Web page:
Cambrian and Ordovician, Northern Highlands of Scotland
From: Johnstone, G S and Mykura, W. 1989. British regional geology: the Northern Highlands of Scotland (4th edition). (Nottingham: British Geological Survey.)
Cambrian and Ordovician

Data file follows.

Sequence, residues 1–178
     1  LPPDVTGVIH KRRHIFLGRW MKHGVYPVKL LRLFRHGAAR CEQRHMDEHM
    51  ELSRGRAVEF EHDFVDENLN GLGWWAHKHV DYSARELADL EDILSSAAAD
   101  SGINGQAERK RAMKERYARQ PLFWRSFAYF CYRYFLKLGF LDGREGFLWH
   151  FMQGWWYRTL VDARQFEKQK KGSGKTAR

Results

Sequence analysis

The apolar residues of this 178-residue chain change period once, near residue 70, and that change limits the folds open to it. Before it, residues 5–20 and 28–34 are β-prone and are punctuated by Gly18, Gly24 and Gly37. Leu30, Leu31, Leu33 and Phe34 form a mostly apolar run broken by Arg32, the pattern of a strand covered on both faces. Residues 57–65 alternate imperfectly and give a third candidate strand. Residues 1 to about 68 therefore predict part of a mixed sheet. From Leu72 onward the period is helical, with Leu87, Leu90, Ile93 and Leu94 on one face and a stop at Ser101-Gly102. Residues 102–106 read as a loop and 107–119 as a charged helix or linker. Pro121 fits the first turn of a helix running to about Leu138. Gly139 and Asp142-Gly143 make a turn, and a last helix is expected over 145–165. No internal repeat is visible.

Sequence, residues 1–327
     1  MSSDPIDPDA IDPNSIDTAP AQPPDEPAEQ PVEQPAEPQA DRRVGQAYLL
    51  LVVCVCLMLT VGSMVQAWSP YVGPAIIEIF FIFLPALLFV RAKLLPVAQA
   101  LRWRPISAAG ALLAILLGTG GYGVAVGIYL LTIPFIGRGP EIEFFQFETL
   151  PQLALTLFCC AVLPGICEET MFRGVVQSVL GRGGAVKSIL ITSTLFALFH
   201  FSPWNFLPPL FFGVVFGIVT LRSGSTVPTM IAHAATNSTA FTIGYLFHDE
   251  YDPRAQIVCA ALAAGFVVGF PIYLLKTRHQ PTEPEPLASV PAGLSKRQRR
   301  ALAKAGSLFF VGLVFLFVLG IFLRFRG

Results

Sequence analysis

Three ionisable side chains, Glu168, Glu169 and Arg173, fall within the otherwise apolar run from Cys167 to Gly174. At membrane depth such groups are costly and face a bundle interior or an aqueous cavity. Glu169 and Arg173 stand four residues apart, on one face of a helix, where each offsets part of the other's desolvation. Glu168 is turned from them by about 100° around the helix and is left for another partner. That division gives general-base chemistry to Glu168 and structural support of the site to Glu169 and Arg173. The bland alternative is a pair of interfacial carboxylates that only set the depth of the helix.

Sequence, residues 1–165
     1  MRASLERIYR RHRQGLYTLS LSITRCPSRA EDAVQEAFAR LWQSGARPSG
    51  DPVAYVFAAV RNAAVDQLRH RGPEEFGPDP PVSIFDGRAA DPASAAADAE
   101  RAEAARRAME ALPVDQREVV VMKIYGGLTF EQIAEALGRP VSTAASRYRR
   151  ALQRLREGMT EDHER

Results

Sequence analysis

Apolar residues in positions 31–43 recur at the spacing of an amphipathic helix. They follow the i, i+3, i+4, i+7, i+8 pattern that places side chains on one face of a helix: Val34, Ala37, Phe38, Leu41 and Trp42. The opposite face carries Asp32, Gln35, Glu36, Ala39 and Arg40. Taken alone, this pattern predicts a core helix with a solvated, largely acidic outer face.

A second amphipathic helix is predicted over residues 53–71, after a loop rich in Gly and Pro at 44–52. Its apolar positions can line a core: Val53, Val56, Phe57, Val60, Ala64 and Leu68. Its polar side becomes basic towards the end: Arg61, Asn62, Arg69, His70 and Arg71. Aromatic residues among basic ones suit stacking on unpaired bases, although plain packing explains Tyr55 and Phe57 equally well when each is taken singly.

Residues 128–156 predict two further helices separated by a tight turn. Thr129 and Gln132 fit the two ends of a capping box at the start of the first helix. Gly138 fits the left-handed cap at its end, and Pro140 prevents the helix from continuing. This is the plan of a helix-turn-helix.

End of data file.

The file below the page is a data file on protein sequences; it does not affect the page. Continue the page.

In the time interval (c.200 Ma) between the deposition of the Torridonian rocks and the Cambrian there was a period of crustal warping during which the Precambrian rocks of what is now the Caledonian Foreland were arched into large folds. Considerable erosion followed this folding and several hundreds of metres of Torridonian rocks were removed in places to lay bare the underlying Lewisian gneiss. By the beginning of Cambrian times the erosion had produced a remarkably flat surface passing across hard gneiss and softer sandstone alike; this may have been formed by marine erosion or as a subaerial peneplain. Cambrian sediments were deposited on this surface as it progressively and gently subsided to form the floor of a shelf sea. This shelf lay on the south-east side of the continental mass which bounded the Iapetus Ocean on its north-western side and, as a result, the fauna of the Cambro-Ordovician rocks of the North-West Highlands resembles that of the North American Province — the Beekmantown (Canadian) Fauna of older accounts. It shows a marked contrast to that found in the rocks of similar age in England and Wales, which were laid down close to the south shore of the Iapetus. Cambro-Ordovician strata now lie on the Caledonian Foreland and within the Moine Thrust Belt along a narrow zone from Durness to Skye (see P915464). They are overlain by metamorphic rocks of the Moine Nappe which were pushed westward along the Moine Thrust itself.